In re Petition of LK Holdings, LLC

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Justia Opinion Summary

Applicant LK Holdings, LLC appealed the Public Utility Commission’s dismissal of its application for a certificate of public good for a proposed group net-metered photovoltaic electric power system. The Commission dismissed the petition as incomplete because applicant failed to provide notice to adjoining landowners that its application had been filed. Finding no reversible error, the Vermont Supreme Court affirmed.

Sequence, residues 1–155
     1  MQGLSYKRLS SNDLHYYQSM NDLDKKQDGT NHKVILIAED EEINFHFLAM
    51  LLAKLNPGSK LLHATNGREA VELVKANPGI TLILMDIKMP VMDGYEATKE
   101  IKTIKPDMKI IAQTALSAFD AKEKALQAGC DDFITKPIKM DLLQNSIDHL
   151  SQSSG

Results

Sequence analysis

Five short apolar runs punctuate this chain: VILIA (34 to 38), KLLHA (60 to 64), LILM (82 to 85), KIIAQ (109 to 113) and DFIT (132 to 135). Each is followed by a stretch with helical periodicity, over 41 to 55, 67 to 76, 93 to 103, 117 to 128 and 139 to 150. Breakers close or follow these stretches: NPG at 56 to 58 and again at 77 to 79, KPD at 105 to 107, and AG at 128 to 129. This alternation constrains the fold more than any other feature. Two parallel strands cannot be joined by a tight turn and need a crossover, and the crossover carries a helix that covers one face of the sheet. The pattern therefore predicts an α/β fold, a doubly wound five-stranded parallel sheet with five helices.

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NOTICE: This opinion is subject to motions for reargument under V.R.A.P. 40 as well as formal revision before publication in the Vermont Reports. Readers are requested to notify the Reporter of Decisions by email at: or by mail at: Vermont Supreme Court, 109 State Street, Montpelier, Vermont 05609-0801, of any errors in order that corrections may be made before this opinion goes to press. 2018 VT 109 No. 2017-343 In re Petition of LK Holdings, LLC Supreme Court On Appeal from Public Utility Commission April Term, 2018 James Volz, Chair Gerald R. Tarrant and Ryan P. Kane of Tarrant, Gillies & Richards, Montpelier, for Appellant. Stephanie B. Hoffman, Special Counsel, Montpelier, for Appellee Public Service Department. Cindy Ellen Hill of Hill Attorney PLLC, Middlebury, for Intervenor/Appellee Matthew Daniels, and Adam Lougee, Middlebury, for Intervenor/Appellees Town of Whiting and Addison County Reginal Planning Commission. PRESENT: Reiber, C.J., Skoglund, Robinson, Eaton and Carroll, JJ. ¶ 1. SKOGLUND, J. Applicant LK Holdings LLC appeals the Public Utility Commission’s dismissal of its application for a certificate of public good for a proposed group netmetered photovoltaic electric power system.1 The Commission dismissed the petition as incomplete because applicant failed to provide notice to adjoining landowners that its application had been filed. We affirm. 1 Prior to July 1, 2017, the Public Utility Commission was known as the Public Service Board. See 2017, No. 53, § 9. For clarity, we will refer to it as the Commission throughout this opinion. I. Facts ¶ 2. On June 16, 2016, applicant notified state, regional, and municipal entities as well as adjoining landowners of its intent to seek a certificate of public good (CPG) to construct and operate a 500-kilowatt solar photovoltaic group net-metered system2 in Whiting, Vermont. On December 9, 2016, applicant filed its CPG application with the Commission. The application certified that notice of the filing had been provided to adjoining landowners as required by Commission rule. See Regulations Pertaining to Construction and Operation of Net Metering Systems § 5.110(C) [hereinafter Former Rule 5.100], doc_library/5100-PUC-nm-adopted-2013_0.pdf [] (requiring that upon filing of CPG application, applicant must notify state and local authorities and “shall also provide notice to . . . the landowners of record of property adjoining the project site(s) that the application has been filed with the Commission”). However, applicant did not actually provide notice of the filing to any of the adjoining landowners at that time. ¶ 3. In a December 16, 2016 memorandum, the Commission directed applicant to submit information concerning the project’s compliance with any municipal bylaws or ordinances that contained screening requirements “to complete its application for the [Commission’s] review.” The Commission stated that it would begin its review of the project upon receipt of the requested information and indicated that any comments on the application were due no later than twenty-one days after the requested information was filed. The Commission sent its memorandum to all interested persons and entities on the service list for the docket, including the adjoining landowners. 2 For an explanation of net-metering systems and the history of the net-metering program, see In re New Haven GLC Solar, LLC, 2017 VT 72, ¶¶ 2-4, __Vt.__, 175 A.3d 1211. 2 ¶ 4. Applicant filed the requested supplemental information on December 23, 2016. Over the next several weeks, the Division for Historic Preservation, the Agency of Natural Resources, and the Department of Public Service filed comments regarding the application, and the Addison County Regional Planning Commission and the Town of Whiting moved to intervene and requested a hearing on orderly development and aesthetics. In its letter to the Commission, the Department noted that two appendices—maps and a photographic inventory—were missing from the application, and asserted that such information was necessary for the Department to complete its review. ¶ 5. On January 18, 2017, applicant filed a copy of its notice to adjoining landowners that its CPG application had been filed. The notice is dated January 16, 2017; however, applicant states in its brief that the notice was actually sent the following day. Applicant also filed the missing appendices on January 18. ¶ 6. Adjoining landowner Matthew Daniels filed a motion to intervene on January 24, 2017. Three days later, Daniels, the Addison County Regional Planning Commission, and the Town of Whiting filed a joint motion to dismiss the CPG application as incomplete because applicant had failed to notify adjoining landowners and because the application was missing critical information regarding orderly development and aesthetics.3 3 In its response to the motion to dismiss, the Department agreed that the application should be dismissed if determined to be incomplete when filed. If the application was deemed complete, the Department argued, the Commission should separately decide whether the December 9, 2016 application satisfied the requirement that applications be filed within 180 days of the advance notice to interested parties. See Former Rule 5.100 § 5.110(C) (providing that if applicant did not file “an application for the project, pursuant to the filing requirements below, within 180 days of the date of the advance notice, the notice will be considered withdrawn”). On appeal, the parties dispute whether dismissal would be appropriate under that rule. We need not address these arguments because we affirm the Commission’s dismissal based on the lack of notice to landowners. For the same reason, we find it unnecessary to address intervenors’ argument that the missing appendices and other alleged defects rendered the application incomplete separate from the lack of notice. 3 ¶ 7. After soliciting comments from applicant and other parties regarding the motions, the Commission granted the motion to dismiss on May 22, 2017. It ruled that the notice to landowners and certification of such notice were a necessary part of a complete application, and that applicant did not satisfy these requirements until January 18, 2017. It rejected applicant’s argument that the Commission’s December 16, 2016 memorandum cured the lack of notice because the rule placed the onus on the applicant to notify the landowners and the December 16 memorandum did not give notice of a complete application. The Commission therefore dismissed the application without prejudice to refiling under the revised net-metering rule that took effect on January 1, 2017. ¶ 8. Applicant filed a motion to reconsider the dismissal, which the Commission denied. This appeal followed. II. Standard of Review ¶ 9. Like the recent case of In re Stowe Cady Hill Solar, LLC, this appeal requires us to review the Commission’s interpretation of its own completeness rule, a rule that is both substantive and procedural. 2018 VT 3, ¶¶ 15-21, __Vt.__, 182 A.3d 53. In such cases, we will “defer to an agency’s interpretation of its own regulation, as long as that interpretation is consistent with the statute that authorized promulgation of the regulation in question” and is consistently applied. Id. ¶ 20. As discussed below, we hold that the Commission’s interpretation of its rules here was consistent with statute and prior precedent, and is therefore entitled to deference. III. Analysis ¶ 10. On appeal, applicant argues that the December 9, 2016 CPG application was substantially complete despite the lack of notice to landowners because it contained testimony and exhibits addressing all of the substantive CPG criteria. Because the application was substantially complete when filed, applicant argues, applicant had a vested right to proceed under the 2016 4 version of the net-metering rule. Applicant further argues that even if the application was not complete in December, the Commission’s rules should be construed to allow its January 18, 2017 curative filing to relate back to the original application filing date. Applicant also claims that dismissal was an inappropriate remedy for the notice defect. Finally, applicant maintains that the Commission erred in dismissing the application because the new net-metering program had not yet been adopted through formal rulemaking. We address each argument in turn. A. Completeness of December 9, 2016 CPG Application ¶ 11. A developer seeking to construct a net-metered electric power system in Vermont must first obtain a CPG from the Commission. 30 V.S.A. § 231(a); id. § 248(a)(2); see New Haven GLC Solar, 2017 VT 72, ¶¶ 2-4 (explaining net-metered systems and history of net-metering program). Commission Rule 5.100, which was first promulgated in 2001, sets forth the standards and procedures applicable to CPG applications for net-metering systems. Construction and Operation of Net Metering Systems, Code of Vt. Rules 30 000 5100 [hereinafter Rule 5.100], ¶ 12. In 2014, the Legislature passed Act 99, which made significant changes to the net- metering program that became effective on January 1, 2017. 2013, No. 99 (Adj. Sess.), § 2. Act 99 required the Commission to amend Rule 5.100 to conform with its provisions. Id. § 5(d) (requiring Commission to adopt rules for revised net-metering program). Relevant here is the new rule’s requirement that after January 1, 2017, ground-mounted solar projects over 150 kilowatts in capacity could only be constructed on “preferred sites.” Rule 5.100 §§ 5.103, 5.104; Cady Hill, 2018 VT 3, ¶ 4. Former Rule 5.100 did not contain this requirement. The Department of Public Service asserts, and applicant does not dispute, that applicant’s proposed net-metering system would not qualify for a CPG under the new rule because it is not proposed to be constructed on a preferred site. 5 ¶ 13. However, new Rule 5.100 also provides that “[a]ny complete CPG application filed prior to January 1, 2017, shall be reviewed pursuant to the version of Rule 5.100 that was in effect at the time the complete application was filed.” Rule 5.100 § 5.125(B); see also 2013, No. 99 (Adj. Sess.), § 10(f) (“30 V.S.A. § 219a and rules adopted under that section shall govern applications for net metering systems filed prior to January 1, 2017.”). In other words, an application that was filed prior to January 1, 2017 and was complete when filed “can qualify for a CPG if it meets the criteria of the old rule even if it would not qualify under the new rule.” Cady Hill, 2018 VT 3, ¶ 5. The viability of applicant’s proposed project accordingly depends on whether its December 2016 CPG application was complete when filed, entitling applicant to consideration under the former rule. ¶ 14. Under the pre-2017 net-metering program, two related rules guided the Commission’s determination of the completeness of an application. See id. ¶ 6 (applying pre-2017 rules for determining completeness of application filed in December 2016). Former Rule 5.100 provided that upon receiving a CPG application for a net-metering system, Commission staff will review the application for completeness. If the application does not substantially comply with the application requirements set forth herein, the Clerk of the Commission will inform the applicant of the deficiencies. Upon submission of all information necessary to address the deficiencies, the Clerk of the Commission shall notify the applicant that the filing is complete. Former Rule 5.100 § 5.110(C). A separate procedural rule, Rule 2.208, stated: Substantially defective or insufficient filings may be rejected by the Commission, provided, that if it will not unreasonably delay any proceeding nor unreasonably adversely affect the rights of any party, the Commission shall allow a reasonable opportunity to a party to cure any defect or insufficiency. A filing which is found to be defective or insufficient shall not be deemed to have been cured until the date on which the last document is filed which removes the defect or makes the filing complete. A filing is substantially insufficient if, inter alia, it fails to include all material information required by statute or rule. 6 Rules of Practice § 2.208, Code of Vt. Rules 30 000 2000 [hereinafter Rule 2.208], ¶ 15. We recently considered the Commission’s interpretation of its completeness rule in In re Stowe Cady Hill Solar, LLC, a case with similar but not identical facts to this one. 2018 VT 3. In November 2016, developer Cady Hill notified all required parties, including adjoining landowners, of its intent to seek a CPG for a 496-kilowatt net-metering system in Stowe. On December 30, 2016, Cady Hill filed its CPG application and simultaneously provided notice of the filing to all but two of the adjoining landowners. Cady Hill did not cure the error until January 4, 2017, when one of the missing landowners inquired about the status of the application. The Commission subsequently dismissed the application on the ground that it was incomplete at the time of filing due to the failure to notify the two landowners. Id. ¶ 13. ¶ 16. We reversed, holding that the Commission’s decision was inconsistent with its own previous application of the completeness rule in In re Seneca Mountain Wind, LLC (Seneca I), No. 7867, 2012 WL 3637613 (Vt. Pub. Serv. Bd. Aug. 15, 2012) and In re Seneca Mountain Wind, LLC (Seneca II), No. 7867, 2013 WL 4398965 (Vt. Pub. Serv. Bd. Aug. 9, 2013). 2018 VT 3, ¶¶ 22-23. Because these decisions are also relevant to this appeal, we review them briefly. ¶ 17. In Seneca I, the developer applied for a CPG in April 2012 to install four temporary meteorological towers in the towns of Brighton, Ferdinand, and Newark. By Commission order, the developer was required to provide thirty days’ advance written notice to adjoining landowners of its intent to file the application. After the formal public comment period was over, two adjoining landowners filed letters with the Commission’s hearing officer asserting that they did not receive notice regarding the application. The issue of first impression raised by the landowners was 4 Rule 2.208 is a general rule of procedure and was not amended in response to the 2014 legislative changes to the net-metering program. The quoted language remained the same during the time period relevant to this case. 7 whether the developer was required to give notice only to those landowners abutting the specific tract of leased land upon which the project was to be built, or to all landowners abutting the full collection of contiguous tracts leased by the developer in connection with the project. The hearing officer concluded that it was the developer’s collective leasehold interests that defined the boundaries of the project property, not the specific boundaries of the individual leased tract on which it was to be built. 2012 WL 3637613, at *5. Because the developer had not provided advance notice on that basis, the hearing officer suspended the proceedings to give the developer time to cure the defect by submitting a revised adjoiners map, providing notice to all owners of property adjoining all contiguous property leased by the developers who had not yet received proper notice, and submitting a revised list of adjoiners who received notice. Id. The hearing officer placed on the developer the burden of identifying any additional adjoining landowners entitled to notice on the basis of its ruling. Id. at *5-6. ¶ 18. The developer subsequently provided the required notice to a significant number of newly identified adjoining landowners on August 23, 2012, and the hearing officer deemed the application to be complete as of that date. Seneca II, 2013 WL 4398965, at *31. However, the developer failed to notify two other adjoining landowners who were entitled to notice under the hearing officer’s interpretation of the project boundaries until November 2012. Id. ¶ 19. In Seneca II, an intervenor argued to the Commission that the application was not complete until December 2012, or thirty days after the two newly identified landowners received notice. The timing of the completeness of the developer’s application was important because in September 2012, while the application was pending, the Town of Newark had revised its town plan to expressly label the type of development proposed by the developer as “inappropriate and inconsistent with the town’s vision and goals.” Id. at *36. The previous town plan did not contain such language. For its part, the developer claimed that the application was complete when 8 originally filed in April 2012 because it contained all required substantive information, and any notice failures did not render an otherwise complete application incomplete. Id. at *32. ¶ 20. The Commission rejected the developer’s argument that the application was complete when originally filed with all of the required substantive information, noting that the application form required an applicant to submit a list of the parties notified of the application as part of the application process. It concluded that “an application is incomplete when the attendant landowner list improperly omits as many landowners as were omitted in [developer’s] initial [a]pplication.” Id. Adopting the developer’s position that defective notice did not affect the completeness of the application would mean that “[t]he clock would start running on the proceeding even if no adjoining landowners have received notice, thus eliminating any opportunity to resolve any issues with the adjoining landowners through negotiation as opposed to litigation.” Id. The Commission found that this would create unnecessary delays in the process and would frustrate the legislative purpose of expeditiously processing CPG applications for meteorological towers. Id. ¶ 21. However, the Commission agreed with the hearing officer’s determination that the application was complete on August 23, 2012, “because as of that date, [the developer] had substantially complied with the application requirements.” Id. at *34. Although two adjoining landowners who should have received notice in August 2012 did not, the Commission nevertheless affirmed the hearing officer’s conclusion that the developer had substantially complied with the application requirements because by then the developer had provided copies of the application to seventy different entities or persons, each of whom was given an opportunity to participate in the proceeding. Id. at *35. Because the developer’s application was complete before the new town plan was adopted, the Commission concluded that the previous town plan applied to the proceeding. Id. at *39. 9 ¶ 22. We observed in Cady Hill that “[w]ith respect to the notice requirement, [Seneca II] turns on the relative proportion of those landowners who did not receive notice to the number that [the developer] had correctly given notice.” 2018 VT 3, ¶ 25. Applying this principle, we concluded that Cady Hill’s application was complete when filed because it substantially complied with the application requirements. Id. ¶ 27. Cady Hill had provided advance notice to all of the required adjoining landowners and the list of adjoining landowners submitted to the Commission was complete and accurate. Further, “there [was] no dispute that Cady Hill provided contemporaneous notice of its filing to the owners of eight of the nine adjoining parcels.” Id. We reasoned that “[a]s in [Seneca II], on this record Cady Hill’s failure to provide contemporaneous notice to two landowners who together owned a single adjoining parcel, when it otherwise fully complied with all other application requirements, does not undermine the conclusion that its application was substantially complete when filed.” Id. We therefore concluded that Cady Hill’s application should be considered according to the pre-2017 version of Rule 5.100. Id. ¶ 29. ¶ 23. The facts of this case are significantly different from Cady Hill and compel a different result. Here, applicant did not provide the required notice to any of the adjoining landowners when it filed its application on December 9, 2016. See Former Rule 5.100 § 5.110(C) (requiring applicant to notify adjoining landowners upon filing of application). Unlike Seneca II and Cady Hill, but like Seneca I, in this case an entire class of individuals who were entitled to notice of the filing did not receive it. This was a substantial defect in the application that applicant did not cure until January 18, 2017. The Commission’s conclusion that the application was incomplete under these circumstances is consistent with its prior precedent. See Seneca II, 2013 WL 4398965, at *32 (“[A]n application is incomplete when the attendant landowner list improperly omits as many landowners as were omitted in [developer’s] initial [a]pplication.”); Seneca I, 2012 WL 36637613, at *3 (deeming application incomplete where developer failed to 10 provide notice to landowners adjoining entire parcel of contiguous properties leased by developer); see also In re Ludlow Driver Solar, LLC, 16-0067-NMP, 2017 WL 1373312, at *1 (Vt. Pub. Serv. Bd. Feb. 23, 2017) (dismissing net-metering application filed in December 2016 where applicant failed to provide forty-five-day advance notice or notice of filing to seven adjoining landowners).5 ¶ 24. In re North Springfield Sustainable Energy Project LLC, cited by applicant, does not dictate a different result. No. 7833, 2014 WL 580146 (Vt. Pub. Serv. Bd. Feb. 11, 2014). In North Springfield, an intervenor opposing an applicant’s proposed wood-fired biomass electric generating facility argued that the application was not completed until after certain amendments to the substantive criteria of 30 V.S.A. § 248(b) took effect, and thus was subject to the new version of the statute. The intervenor claimed the application was incomplete when filed because it lacked a proposed power-purchase agreement, used a flawed feasibility study and economic model, did not include a forest harvesting plan or a viable plan for eliminating chemicals from the boiler, and failed to address appropriate ingress and egress from the site. Id. at *85. The Commission rejected the intervenor’s argument, noting that the alleged defects were “really questions of whether [the applicant] met its burden of persuasion at the time it filed the petition, and not questions regarding the completeness of that petition.” Id. at *86. Notice was not at issue and the Commission did not base its completeness determination on that factor. North Springfield is therefore not inconsistent with this case. We disagree with applicant’s contention that the decision below conflicts with New Haven GLC Solar, in which we stated that a developer’s application was complete on the date it filed its amended site plan, even though the developer had not yet given notice of its application to one adjoining property owner identified in that site plan. 2017 VT 72, ¶ 21. In New Haven GLC Solar, like Cady Hill and Seneca II, almost all of the adjoining landowners had already received the proper notice required by rule. Id. ¶ 7. The facts of this case are significantly different. Moreover, we did not resolve New Haven GLC Solar on the basis of notice, instead reasoning that the Commission should have accepted the Town of New Haven’s comments because they were filed within the proper time for responding to the developer’s amended site plan. Id. ¶ 21. Thus, New Haven GLC Solar is of limited precedential value in this case. 5 11 ¶ 25. We reject applicant’s argument that under Former Rule 5.100, a failure to provide required notice to adjoining landowners could not render an application incomplete if the application included sufficient information to address all of the rule’s substantive criteria. The rule stated in relevant part that upon receipt of an application, Commission staff would review the application for deficiencies and notify the applicant “[i]f the application does not substantially comply with the application requirements set forth herein.” Former Rule 5.100 § 5.110(C). Notice to landowners was one of the application requirements. Moreover, this language must be read in conjunction with Rule 2.208, which states that “[a] filing is substantially insufficient if, inter alia, it fails to include all material information required by statute or rule.” Rule 2.208 (emphasis added). The inclusion of the phrase “inter alia,” which means “among other things,” meant that a determination of incompleteness could be based on other defects in an application besides a failure to include testimony or exhibits. Black’s Law Dictionary 932 (10th ed. 2014). Adopting applicant’s interpretation would mean that a CPG proceeding could proceed indefinitely without any adjoining landowners receiving notice, preventing them from seeking to intervene or comment in a timely manner and likely delaying the process. The Commission rejected a similar argument in Seneca II, finding that it would be contrary to the legislative intent of expediting § 246 proceedings. 2013 WL 4398965, at *32. Similarly, adopting applicant’s position here would conflict with Commission precedent and the legislative intent of simplifying the process for netmetering applications. See New Haven GLC Solar, 2017 VT 72, ¶ 16 (noting that net-metering statute reflects legislative intent to create “a more streamlined process for reviewing relatively small net-metering projects” such as applicant’s 500-kilowatt solar project). ¶ 26. Applicant also argues that the Commission’s determination that the application was incomplete due to the notice defect conflicts with its December 16, 2016 memorandum, which indicated that applicant only needed to file evidence of compliance with municipal screening 12 standards for the application to be considered complete. However, the original application incorrectly certified that the adjoining landowners had received notice. The deficiency in notice likely was not obvious to the Commission at the time it initially reviewed the application. The Commission’s later determination that the application was incomplete was not unreasonable under these circumstances. ¶ 27. Applicant notes that in zoning cases, inadequate notice does not necessarily invalidate an application. See 24 V.S.A. § 4464(a)(5) (“No defect in the form or substance of any [notice requirements] shall invalidate the action of the appropriate municipal panel where reasonable efforts are made to provide adequate posting and notice.”). We decline applicant’s invitation to apply this standard here. This is a CPG proceeding, not a zoning case, and 24 V.S.A. § 4464 does not control. The implications of a notice defect were adequately addressed by the Commission rule, which set forth the notice requirements for an application and provided that an application could be deemed incomplete if the requirements were not followed. Former Rule 5.100 § 5.110(C). Moreover, even if § 4464 were applicable in this type of proceeding, it would be of no help to applicant in this case because a total failure to timely provide notice does not constitute “reasonable efforts.” See In re Mahar Conditional Use Permit, 2018 VT 20, ¶ 31, __Vt.__, 183 A.3d 1136 (“Where, as here, no notice is given, § 4464(a)(5) is inapplicable.”). ¶ 28. Our conclusion that the Commission was correct in deeming applicant’s December 9, 2016 application to be incomplete disposes of applicant’s related argument that it had a vested right to proceed under the pre-2017 version of Rule 5.100. In the context of zoning cases, we have held that an applicant’s rights vest “under the then existing regulations as of the time when proper application is filed.” Smith v. Winhall Planning Commission, 140 Vt. 178, 181-83, 436 A.2d 760, 761-62 (1981) (emphasis added). Assuming this doctrine applies in proceedings before the Commission, applicant failed to establish a vested right in Former Rule 5.100 by filing a proper 13 and complete application before January 1, 2017. See In re Ross, 151 Vt. 54, 58, 557 A.2d 490, 492 (1989) (affirming environmental court’s determination that developer’s permit application under Act 250 was incomplete for purposes of establishing vested rights in then-existing law because it sought review under only two of ten Act 250 criteria); cf. In re Jolley Associates, 2006 VT 132, ¶ 16, 181 Vt. 190, 915 A.2d 282 (holding that developer’s filing of completed zoning application prior to change in applicable regulations gave developer vested right in laws in effect at time of filing). B. Whether Dismissal Was Appropriate ¶ 29. Applicant contends that even if its application was incomplete due to the lack of notice to adjoining landowners, dismissal was an overly harsh remedy. Instead, it claims, the Commission should have paused the proceedings and given the adjoining landowners additional time to participate, as it has elsewhere. ¶ 30. We conclude that the Commission acted within its discretion to dismiss the application under the facts of this case. As described above, applicant’s proposed project was ineligible for a CPG under new Rule 5.100. Applicant failed to file a complete application prior to the rule change, and therefore had no right to proceed under the former rule. Dismissal was appropriate under the circumstances and was consistent with the Commission’s approach in similar cases. See In re Southshire Cmty. Solar, LLC, NMP-6862, 2017 WL 1862360, at *1 (Vt. Pub. Serv. Bd. Apr. 28, 2017) (dismissing CPG application for net-metering project filed on December 30, 2016 as incomplete because it failed to include elevation drawings required by rule); In re Norwich Techs., Inc., 16-0114-NM, 2017 WL 1365080, at *1 (Vt. Pub. Serv. Bd. Mar. 10, 2017) (dismissing CPG application for net-metering project filed in 2016 for failure to include site plan, and rejecting cure filed after January 1, 2017); Ludlow Driver Solar, 2017 WL 1373312, at *1 14 (dismissing net-metering application filed in December 2016 where applicant failed to provide forty-five-day advance notice or notice of filing to seven adjoining landowners). ¶ 31. The Commission’s decision in In re Swanton Wind, LLC does not contradict its conclusion here. No. 8816, 2017 WL 1364802 (Vt. Pub. Serv. Bd. Mar. 2, 2017). In Swanton Wind, the Commission declined to dismiss a developer’s CPG petition for a twenty-megawatt wind project for failure to provide notice to two adjoining landowners. Id. at *3. The Commission reasoned that the developer had promptly cured the lack of notice and the affected landowners had ample time to decide whether to intervene. Id. Although the facts of Swanton Wind are superficially similar to applicant’s situation, there is an essential difference: there is no indication in Swanton Wind that a relevant intervening regulatory change had taken place such that the timing of the application was at issue or that the Commission’s exercise of its discretion to allow a cure created a vested right in a prior regulatory scheme. Swanton Wind is therefore not inconsistent with this case, in which the timing of the application was crucial to its viability.6 C. Whether January 18, 2017 Notice Related Back to Filing Date of Application ¶ 32. Applicant further argues that even if the notice defect rendered its application incomplete, the Commission should have treated its January 18, 2017 curative notice as relating back to the original filing. This argument ignores the plain language of Commission Rule 2.208, which provides that “[a] filing which is found to be defective or insufficient shall not be deemed 6 The other decisions cited by applicant are likewise inapposite, as neither involved an intervening regulatory change. In re ER Thurston Farm Solar E., LLC, 16-0046-NMP, 2016 WL 6601070, at *1 (Vt. Pub. Serv. Bd. Oct. 31, 2016) (waiving 180-day filing requirement where no party objected to delay and Department of Public Service advocated for site visit and additional comment period instead of reissuing notice); In re Novus Montpelier Solar, LLC, 16-0021-NMP, 2016 WL 3077783, at *8 (Vt. Pub. Serv. Bd. May 26, 2016) (granting waiver of requirement that application be filed within 180 days of advance notice where Commission temporarily suspended consideration of net-metering projects after advance notice filed, because all adjoining landowners and other required entities had received notice and opportunity to comment). 15 to have been cured until the date on which the last document is filed which removes the defect or makes the filing complete.” Pursuant to this language, the Commission properly ruled that the application was not complete until applicant finally provided notice to the adjoining landowners on or about January 18, 2017.7 ¶ 33. Applicant argues that if curative filings are not deemed to relate back to the original filing, the opportunity to cure offered by Rule 2.208 is completely illusory. We disagree. In most cases, the timing of a curative filing, and whether it relates back to the original filing, is irrelevant to the viability of the application because no intervening regulatory change has taken place. Allowing a cure in such cases is helpful to all parties because it obviates the need to relitigate the entire application process from the beginning. It is only in rare cases such as this one, where the curative filing must occur within a particular period to have effect, that the lack of a relation-back provision may prejudice applicants. Rule 2.208’s failure to provide relief in every case does not render it meaningless. ¶ 34. In the alternative, applicant argues that the Commission abused its discretion by declining to waive Rule 2.208 as it did in In re Randolph Road Solar, LLC, No. 16-0091-NM, 2017 WL 4221956 (Vt. Pub. Serv. Bd. May 4, 2017). In that case, the Commission issued an order on December 7, 2016, notifying the developer that its September 2016 net-metering CPG application was incomplete and giving the developer thirty days to cure the defect. The developer filed the missing materials on January 7, 2017. The Commission concluded that the application should be processed under Former Rule 5.100, reasoning that “the normal application of Rule 2.208 in this case would result in the unintended consequence of depriving the [a]pplicant of the For this reason, we reject applicant’s argument that the notice defect was cured by the Commission’s December 16, 2016 memorandum, which the Commission sent to all parties, including adjoining landowners. Rule 2.208 makes clear that the defect was not cured until applicant provided notice of the filing to the landowners on January 18, 2017. 7 16 opportunity to cure its application within the time period that was expressly provided to the [a]pplicant.” Id. at *2. It held that “[u]nder these unusual circumstances, where the [a]pplicant acted reasonably in response to a [Commission] procedural order,” it would waive Rule 2.208 and allow the curative filing to relate back to December 2017. Id. Randolph Road is the unique exception that proves the rule: curative filings do not relate back to the date of filing under Rule 2.208. The Commission waived the rule in that case because it had previously given the developer thirty days to cure the defect, and the developer had reasonably relied on its instructions. Here, by contrast, there was no order regarding the notice defect—likely because the defect was not apparent to the Commission until after January 1, 2017—and applicant cannot claim that it acted in reasonable reliance on any representations by the Commission regarding the timeliness of a cure. We therefore find no error in the Commission’s application of the rule as written. D. Validity of Dismissal Under Revised Net-Metering Program ¶ 35. Finally, applicant argues that the Commission erred in dismissing its application pursuant to a new regulatory framework that had not been adopted by rule. As noted above, Act 99 of 2014 directed the Commission to revise its net-metering rule. The Act provided that the Commission would finally adopt rules for the net-metering program by July 1, 2016. 2013, No. 99 (Adj. Sess.), § 5(d)(5). However, it went on to state: If the Board is unable to finally adopt the rules by July 1, 2016, the Board may issue an order by that date establishing a revised net metering program to take effect on January 1, 2017, if that order is followed by final adoption of rules for this program within a reasonable period. Id. § 5(d)(5)(A). ¶ 36. As it happened, the Commission was not ready to adopt a final rule by the July 1, 2016, deadline, and accordingly issued an order on June 29, 2016, establishing the revised netmetering program. After soliciting public comments on that order, the Commission issued an 17 amended order on August 29, 2016, setting forth the proposed new Rule 5.100. This was the order in effect during the period relevant to this case. The Commission subsequently began the formal rulemaking process on October 15, 2016, by filing the proposed rule with the Secretary of State. Rule 5.100 was finally adopted and became effective July 1, 2017.8 For purposes of this appeal, there are no significant differences between the August 29, 2016 order and the final version of Rule 5.100. See Pub. Serv. Bd., Annotated Adopted Rule 5.100 (2016), [] (comparing August 29, 2016 order to final Rule 5.100). ¶ 37. Applicant argues that the new net-metering program had to be established through formal rulemaking and the Commission’s August 29, 2016 order was therefore ineffective. It points to the Vermont Administrative Procedure Act (VAPA), which requires an agency to initiate formal rulemaking “[w]here due process or a statute directs an agency to adopt rules.” 3 V.S.A. § 831(a). A rule is an “agency statement of general applicability which implements, interprets, or prescribes law or policy and which has been adopted in the manner provided by [the VAPA].” Id. § 801(b)(9). According to applicant, both Act 99 and due process required the Commission to Applicant claims that “a reasonable period” means six months and suggests that the Commission’s 2016 order establishing a revised net-metering program was invalid because new Rule 5.100 was not finally adopted until nearly a year later. We disagree. If the Legislature had intended to impose a specific timeline for final adoption of the rule following an order, it could have done so explicitly. We presume that the Legislature acted advisedly in using more flexible language. Further, interpreting Act 99 to impose such a limitation would render superfluous the provision allowing the Commission to proceed temporarily by order. “Generally, we do not construe a statute in a way that renders a significant part of it pure surplusage.” In re Lunde, 166 Vt. 167, 171, 688 A.2d 1312, 1315 (1997) (quotation omitted). The Commission completed formal rulemaking by July 1, 2017, which was not an unreasonable amount of time given the major changes to the net-metering program and the number of public comments received by the Commission. See In re Revised Net-Metering Rule Pursuant to Act 99 of 2014, 2016 WL 3655534, at *1 (Vt. Pub. Serv. Bd. June 30, 2016) (noting that Commission received and reviewed 532 written comments from public in response to proposed rule). 8 18 change the net-metering rule through the formal rulemaking process, and it could not do so through an order. ¶ 38. Applicant is correct that Act 99 required the Commission to adopt a new net- metering rule. 2013, No. 99 (Adj. Sess.), § 5(d)(5); see also 30 V.S.A. § 8010(c). However, it also expressly authorized the Commission to proceed by order if the rulemaking process was not completed by July 1, 2016. 2013, No. 99 (Adj. Sess.), § 5(d)(5)(A). We disagree with applicant’s contention that the Legislature does not have the power to modify the requirements of the VAPA in order to allow an orderly and expeditious transition to a new regulatory scheme, as it did here. “It is the Legislature’s prerogative to establish the procedures governing the establishment of agency policy of general applicability, just as it was the Legislature’s prerogative to give [the Commission] discretion over [the net-metering program] in the first instance.” Parker v. Gorczyk, 173 Vt. 477, 480, 787 A.2d 494, 499 (2001). To the extent that there is a conflict between Act 99 and the VAPA, the more specific statute, that is, Act 99, controls. Town of Brattleboro v. Garfield, 2006 VT 56, ¶ 10, 180 Vt. 90, 904 A.2d 1157 (“We apply the long-standing rule of statutory construction that where two statutes deal with the same subject matter, and one is general and the other specific, the more specific statute controls.”). ¶ 39. We disagree with applicant’s contention that due process required formal rulemaking. Although we have held that the VAPA, when it applies, provides sufficient process to protect citizens’ rights, we have never held that the specific procedures set forth by the VAPA are the only way to satisfy due process. See In re Diel, 158 Vt. 549, 554, 614 A.2d 1223, 1226 (1992) (declining to delineate exact procedures due process required when agency decided to rescind policy change without notice because agency “action fell within the definition of rulemaking under the APA, which provides procedures that adequately protect petitioners’ rights”). Applicant and other similarly situated persons and entities were provided with ample 19 process here. The Commission held a series of eight public workshops, solicited multiple rounds of public comments seeking input on the revised net-metering program, conducted two public hearings, and revised the proposed rule several times in response to feedback it received. Revised Net-Metering Rule, 2016 WL 3655534, at *1. In other words, the Commission provided notice of the change and multiple opportunities for affected persons such as applicant to be heard, thereby meeting the requirements of due process. Diel, 158 Vt. at 553, 614 A.2d at 1226 (noting that provision of notice and opportunity to file statements of position, submissions of evidence and other relevant observations during rulemaking process typically sufficient to satisfy due process (citing United States v. Florida E. Coast Ry. Co., 410 U.S. 241-46 (1973))). We therefore see no reason to disturb the decision below. Affirmed. FOR THE COURT: Associate Justice 20